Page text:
Expansive09

Peter Michael Hamel - The Voice Of Silence as reviewed by Expansive09

March 25, 2016
edited over 5 years ago
Music is very subjective to an individuals tastes thats a given but I have to OBJECT to marcelrecords opinion that this is dated and amateurish, neither comment hold's true here!

This is a brilliant slice of musical styles mainly ambient and minimalist predating Brian Eno's works i.e. Music For Airports by a few years. The Terry Riley influence is here without a doubt Hamel's channeled the repetitive organ arpeggio's that one can hear in 1960's Riley works.

Hamel drew on the meditative powers of repetition and eastern scales hence his manipulation of the piano etc. This music was never meant to be mainstream and there are no indication's of Hamel ever attempting to "crossover" by using typical elements i.e. drums, guitars etc. that were prevalent in almost all music back in the day.

Instead the music draws listeners in by repetition and juxtaposition of angular harmonies albeit dissonant or melodic. One can hear the Indian raga influence thru-out this and all his solo releases from the 1970's i.e. Nada, Bardo etc.

The Voice of Silence is the key piece for my listening tastes its a minimalist track with analog synthesizer drones sort of representing an Indian tamboura with Hamel playing his organ over the deep drones. This creates a subtle space for one to reflect, relax or meditate.

Hamel was attempting a sort of spiritualism "non denominational" thru sound.Based on the lp's front cover art(which is brilliant in and of itself) which contrary to previous reviewer expresses perhaps the musicians interest in all religions and their positive spiritual aesthetics. This album was purely ahead of its time as was Hamel's self titled debut. Now why aren't these on cd..........!
marcelrecords

Peter Michael Hamel - The Voice Of Silence as reviewed by marcelrecords

September 28, 2012
Hamel time knows no time. PMH is let loose in the studio and assaults the grand piano and other assorted keyboards, meditating his ass off. This doesn't mean there are only meditative sounds here. Some of it is quite aggressive even. The instruments are often doctored, not only to achieve different scales (mostly eastern), but also to intensify the players' touch. Three long tracks are the result and our hero even sings an Indian melody with long notes and fraught with echo. So here is another strange mixture of east and west, that becomes dramatic on Ego-loss (small wonder with such a title) through the inclusion of panting and screaming (crisis? what crisis?) and a kind of resurrection of the singer. He finally finds a mantra, that is adorned with German and English shreds of text. We're sorry to say that this has not aged very well... Surely it is very time-typical and could be duly used as a soundtrack for a nostalgic retrospective of the esoteric attempts of the seventies.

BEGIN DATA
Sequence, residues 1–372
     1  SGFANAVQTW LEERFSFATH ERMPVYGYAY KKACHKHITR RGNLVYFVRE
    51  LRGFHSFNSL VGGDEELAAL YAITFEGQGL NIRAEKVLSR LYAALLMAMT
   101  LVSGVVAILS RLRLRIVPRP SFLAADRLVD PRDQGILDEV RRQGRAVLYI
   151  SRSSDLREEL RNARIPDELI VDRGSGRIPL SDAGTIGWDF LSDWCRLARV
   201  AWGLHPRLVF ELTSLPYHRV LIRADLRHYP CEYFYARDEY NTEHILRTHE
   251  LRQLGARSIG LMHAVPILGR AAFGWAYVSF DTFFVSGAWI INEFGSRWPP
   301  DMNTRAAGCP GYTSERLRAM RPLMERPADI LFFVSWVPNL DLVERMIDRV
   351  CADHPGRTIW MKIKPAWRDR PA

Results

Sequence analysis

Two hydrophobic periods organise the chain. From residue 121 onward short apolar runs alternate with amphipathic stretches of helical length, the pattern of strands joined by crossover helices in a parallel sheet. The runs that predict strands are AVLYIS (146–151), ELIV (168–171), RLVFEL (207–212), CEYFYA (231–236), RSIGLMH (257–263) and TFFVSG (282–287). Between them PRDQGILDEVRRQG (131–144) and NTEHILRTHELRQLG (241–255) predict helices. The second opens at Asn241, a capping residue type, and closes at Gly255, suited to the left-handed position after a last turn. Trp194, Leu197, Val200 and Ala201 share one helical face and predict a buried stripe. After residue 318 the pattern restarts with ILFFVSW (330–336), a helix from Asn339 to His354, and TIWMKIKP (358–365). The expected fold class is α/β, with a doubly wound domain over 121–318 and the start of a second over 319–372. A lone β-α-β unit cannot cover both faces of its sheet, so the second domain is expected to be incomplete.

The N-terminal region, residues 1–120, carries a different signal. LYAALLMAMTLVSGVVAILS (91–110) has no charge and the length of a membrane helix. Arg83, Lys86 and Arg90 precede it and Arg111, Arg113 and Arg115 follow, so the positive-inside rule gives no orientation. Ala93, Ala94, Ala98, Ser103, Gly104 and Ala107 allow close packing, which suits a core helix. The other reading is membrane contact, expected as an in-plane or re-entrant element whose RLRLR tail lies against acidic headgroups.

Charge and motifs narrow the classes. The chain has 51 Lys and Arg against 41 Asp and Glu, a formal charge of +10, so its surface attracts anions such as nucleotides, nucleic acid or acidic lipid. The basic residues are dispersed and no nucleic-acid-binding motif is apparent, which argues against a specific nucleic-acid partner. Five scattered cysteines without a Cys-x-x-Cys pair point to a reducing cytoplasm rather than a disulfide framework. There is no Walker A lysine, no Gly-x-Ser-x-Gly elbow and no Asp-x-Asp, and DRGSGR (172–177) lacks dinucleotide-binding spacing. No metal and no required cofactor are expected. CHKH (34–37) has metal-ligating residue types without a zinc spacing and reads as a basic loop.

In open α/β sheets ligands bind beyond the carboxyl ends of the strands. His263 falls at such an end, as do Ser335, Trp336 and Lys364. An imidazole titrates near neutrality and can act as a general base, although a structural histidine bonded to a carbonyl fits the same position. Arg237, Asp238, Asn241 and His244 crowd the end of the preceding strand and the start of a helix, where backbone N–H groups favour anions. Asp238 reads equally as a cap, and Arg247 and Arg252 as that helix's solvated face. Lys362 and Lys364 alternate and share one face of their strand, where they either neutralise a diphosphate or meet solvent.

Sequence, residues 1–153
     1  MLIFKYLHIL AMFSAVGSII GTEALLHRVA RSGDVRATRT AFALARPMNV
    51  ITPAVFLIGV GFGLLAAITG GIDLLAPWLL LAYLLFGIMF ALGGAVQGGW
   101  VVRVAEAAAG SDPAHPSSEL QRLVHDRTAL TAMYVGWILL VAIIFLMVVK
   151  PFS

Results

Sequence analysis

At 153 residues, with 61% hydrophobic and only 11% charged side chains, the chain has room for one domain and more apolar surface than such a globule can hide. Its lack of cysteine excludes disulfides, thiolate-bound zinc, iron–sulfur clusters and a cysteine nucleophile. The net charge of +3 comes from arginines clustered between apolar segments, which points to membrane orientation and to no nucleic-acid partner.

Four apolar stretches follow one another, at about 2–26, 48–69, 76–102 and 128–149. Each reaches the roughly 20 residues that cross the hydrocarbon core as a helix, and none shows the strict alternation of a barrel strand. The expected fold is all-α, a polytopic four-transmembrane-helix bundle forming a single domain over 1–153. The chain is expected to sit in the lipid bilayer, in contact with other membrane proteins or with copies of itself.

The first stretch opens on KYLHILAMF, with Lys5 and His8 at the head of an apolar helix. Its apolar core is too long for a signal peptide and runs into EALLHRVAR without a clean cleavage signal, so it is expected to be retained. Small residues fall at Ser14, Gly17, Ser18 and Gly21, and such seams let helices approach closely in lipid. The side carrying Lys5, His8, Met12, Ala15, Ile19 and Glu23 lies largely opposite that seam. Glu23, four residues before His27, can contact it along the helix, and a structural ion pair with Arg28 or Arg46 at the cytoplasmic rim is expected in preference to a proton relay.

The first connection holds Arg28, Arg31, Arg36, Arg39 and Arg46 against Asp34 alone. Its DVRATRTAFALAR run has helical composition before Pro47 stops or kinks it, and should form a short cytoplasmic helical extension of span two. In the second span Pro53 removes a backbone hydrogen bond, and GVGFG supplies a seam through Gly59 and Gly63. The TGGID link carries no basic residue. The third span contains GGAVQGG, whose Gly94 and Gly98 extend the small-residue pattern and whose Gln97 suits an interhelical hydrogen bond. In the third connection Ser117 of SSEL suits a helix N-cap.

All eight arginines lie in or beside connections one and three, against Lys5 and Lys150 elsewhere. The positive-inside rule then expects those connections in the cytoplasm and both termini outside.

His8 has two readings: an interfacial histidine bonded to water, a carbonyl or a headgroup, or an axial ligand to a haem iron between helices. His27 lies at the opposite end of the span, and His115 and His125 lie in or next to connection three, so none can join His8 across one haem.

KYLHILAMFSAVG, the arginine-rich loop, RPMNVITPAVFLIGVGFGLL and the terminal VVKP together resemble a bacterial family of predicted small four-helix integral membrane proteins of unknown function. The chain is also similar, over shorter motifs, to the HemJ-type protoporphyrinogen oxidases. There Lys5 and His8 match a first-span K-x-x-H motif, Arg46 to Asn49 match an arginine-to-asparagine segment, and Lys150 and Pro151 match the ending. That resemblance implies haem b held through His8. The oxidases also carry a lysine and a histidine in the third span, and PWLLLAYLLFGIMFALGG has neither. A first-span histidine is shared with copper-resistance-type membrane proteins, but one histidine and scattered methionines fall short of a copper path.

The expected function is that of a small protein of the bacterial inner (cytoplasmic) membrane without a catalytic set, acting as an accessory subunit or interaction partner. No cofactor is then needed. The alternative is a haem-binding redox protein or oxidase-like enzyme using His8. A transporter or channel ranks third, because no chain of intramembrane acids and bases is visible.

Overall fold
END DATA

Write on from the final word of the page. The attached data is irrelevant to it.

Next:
Artistic amateurism can be a sharp weapon, but this home-made brew of mandala-art, brimming with all kinds of occult symbols seems only ill-advised to us. Surely this is not how the road to any spiritual quest that really matters looks like? The backcover is more of the same. The cover is lightly textured with a rectangle pattern.
Even the lettering is strictly home-made, but in its attempt to be clear-cut even worse.
chris_left_field

Peter Michael Hamel - The Voice Of Silence chris_left_field

February 21, 2015
I disagree with marcelrecords' criticism of this album, and its cover art. The only way in which this could be said to have not aged well, is if the listener is not that into this kind of music anyway. Fans of Peter Michael Hamel and Between would most likely enjoy this album a lot, as I did - simply another timeless gem! To dismiss the symbols on the cover as merely 'occult' with no relevance to true spirituality, to the detriment of the album as a whole, betrays a limited understanding of the history and meaning of these symbols, and a limited mystico-phobic approach to the nexus of spirituality and music, which is very much PMH's ouvre, in a pan-religious sense. Of course mystical symbols are themselves of limited importance - it's what they signify that matters, and in that regard I see no problem. What is says to me, on the surface, is that PMH is indicating that his approach embraces spiritual traditions from all over the world and seeks the true core of all of them. This is reflected in the music, which is anything but 'nostalgic'.